Did she or didn't she
#1
It was recently preposed to me that Andre Norton had written the 'famous' poem that starts

"Star light, star bright"

With my aging memory, I don't recall any of the Lady's poems starting exactly that way.

Can anyone help?

PS: My guess is that the 'famous' poem was intended to be...
"Star light, star bright
First start I see tonight.
I wish I may, I wish I might
Have this wish, I wish tonight."
Irene
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#2
http://www.andre-norton.org/poems/16.shtml

"Star light, star bright,
Five star I've seen tonight.
I wish I may, I wish I might,
Have the wish I wish tonight."

Andre Norton, "Outside"

"Outside" is a short story published in 1974.

The original poem is attributed as an 19th century nursery rhyme, and no author credited.

"Star Light Star bright,
The first star I see tonight,
I wish I may, I wish I might,
Have the wish I wish tonight."
Act my age? I'm too young to be THAT old!
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#3
I followed your link and at the bottom of the page, it says this is copyright AN. If it is attributed as a 19th century nursery rhyme, how can anyone copyright it? Shouldn't it be in the public domain?

Perhaps it is an artifact of the 'shtml' extension?

Paul.
Paul (no, the other one)
Captain of the ISS Andre Norton

By vocation, I am a Horta-master
By avocation, I am a reader
By Dream, I am a star-roamer
By choice, I am Andrefan
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#4
Paul B. Wrote:I followed your link and at the bottom of the page, it says this is copyright AN. If it is attributed as a 19th century nursery rhyme, how can anyone copyright it? Shouldn't it be in the public domain?

Perhaps it is an artifact of the 'shtml' extension?

Paul.

Paul,

I suspect that copyright notice is just boilerplate included automatically by the Web site, although I think if Ms. Norton modified the original poem (I noticed the second line of the verse says "five star I see tonight") she could copyright it. In any case, she'd certainly hold the copyright to the story that included it.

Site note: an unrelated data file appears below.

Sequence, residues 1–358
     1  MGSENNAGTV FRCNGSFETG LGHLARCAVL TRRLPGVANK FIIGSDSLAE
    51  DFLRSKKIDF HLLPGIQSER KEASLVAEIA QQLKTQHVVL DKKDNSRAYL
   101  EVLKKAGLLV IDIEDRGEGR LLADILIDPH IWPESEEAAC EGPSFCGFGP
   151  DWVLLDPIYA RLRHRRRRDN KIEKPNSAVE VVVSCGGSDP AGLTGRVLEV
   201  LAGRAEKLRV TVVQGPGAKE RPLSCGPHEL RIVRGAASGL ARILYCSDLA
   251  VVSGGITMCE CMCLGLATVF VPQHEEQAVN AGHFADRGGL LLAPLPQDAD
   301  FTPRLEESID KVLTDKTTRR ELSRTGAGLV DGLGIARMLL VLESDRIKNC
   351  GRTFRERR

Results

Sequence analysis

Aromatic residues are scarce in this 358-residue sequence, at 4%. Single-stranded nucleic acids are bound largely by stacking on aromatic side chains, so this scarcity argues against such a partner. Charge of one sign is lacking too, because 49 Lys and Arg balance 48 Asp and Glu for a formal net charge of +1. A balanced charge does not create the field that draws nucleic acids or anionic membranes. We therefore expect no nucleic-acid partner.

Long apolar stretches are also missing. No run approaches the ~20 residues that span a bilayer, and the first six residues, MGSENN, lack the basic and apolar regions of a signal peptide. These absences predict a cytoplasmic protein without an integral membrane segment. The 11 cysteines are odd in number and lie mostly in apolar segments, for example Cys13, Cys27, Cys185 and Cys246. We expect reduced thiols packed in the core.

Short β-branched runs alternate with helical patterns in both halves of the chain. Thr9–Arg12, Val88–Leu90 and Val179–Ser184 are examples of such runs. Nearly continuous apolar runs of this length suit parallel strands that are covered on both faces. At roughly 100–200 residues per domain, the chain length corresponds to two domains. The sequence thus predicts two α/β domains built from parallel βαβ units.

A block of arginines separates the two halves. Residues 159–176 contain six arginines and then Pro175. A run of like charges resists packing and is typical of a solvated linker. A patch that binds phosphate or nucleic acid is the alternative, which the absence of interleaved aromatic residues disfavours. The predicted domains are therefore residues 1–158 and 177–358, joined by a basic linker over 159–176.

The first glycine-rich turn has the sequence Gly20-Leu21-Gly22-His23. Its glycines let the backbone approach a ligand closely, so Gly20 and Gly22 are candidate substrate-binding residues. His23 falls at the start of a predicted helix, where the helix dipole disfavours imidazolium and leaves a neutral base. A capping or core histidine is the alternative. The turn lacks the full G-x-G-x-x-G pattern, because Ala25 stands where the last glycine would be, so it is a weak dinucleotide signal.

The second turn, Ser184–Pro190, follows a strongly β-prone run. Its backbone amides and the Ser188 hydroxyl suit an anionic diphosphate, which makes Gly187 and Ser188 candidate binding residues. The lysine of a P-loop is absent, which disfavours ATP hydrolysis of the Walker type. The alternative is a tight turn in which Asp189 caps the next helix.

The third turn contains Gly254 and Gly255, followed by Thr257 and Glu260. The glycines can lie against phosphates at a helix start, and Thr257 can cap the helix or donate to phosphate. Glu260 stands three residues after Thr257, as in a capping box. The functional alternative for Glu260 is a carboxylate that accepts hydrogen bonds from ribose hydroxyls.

Dave
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#5
Dave,

Yes, that's what I meant when I said an artifact. That's what shtml does. The page says the poem presented on that page is copyright. I hope it isn't legal to change one word of an artistic work, poem, novel, essay, what have you, and copyright it yourself, because that would open up everything. Can you imagine if I change one word of Andre's Catseye and call it my own? Or Asimov's Foundation?

I shudder to think of the consequences.
P.
Paul (no, the other one)
Captain of the ISS Andre Norton

By vocation, I am a Horta-master
By avocation, I am a reader
By Dream, I am a star-roamer
By choice, I am Andrefan
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#6
Paul B. Wrote:Dave,

Yes, that's what I meant when I said an artifact. That's what shtml does. The page says the poem presented on that page is copyright. I hope it isn't legal to change one word of an artistic work, poem, novel, essay, what have you, and copyright it yourself, because that would open up everything. Can you imagine if I change one word of Andre's Catseye and call it my own? Or Asimov's Foundation?

I shudder to think of the consequences.
P.

Paul,

Guess I need to learn what shtml means. I thought regular HTML could do that too.

Maybe I reached too far on copyrighting the modified work. But if one makes a spoof of an existing work, can it not be copyrighted? Is it a matter of extent? One word out of Foundation is trivial; one word out of 24 in the star light poem is a more significant fraction.

Dave
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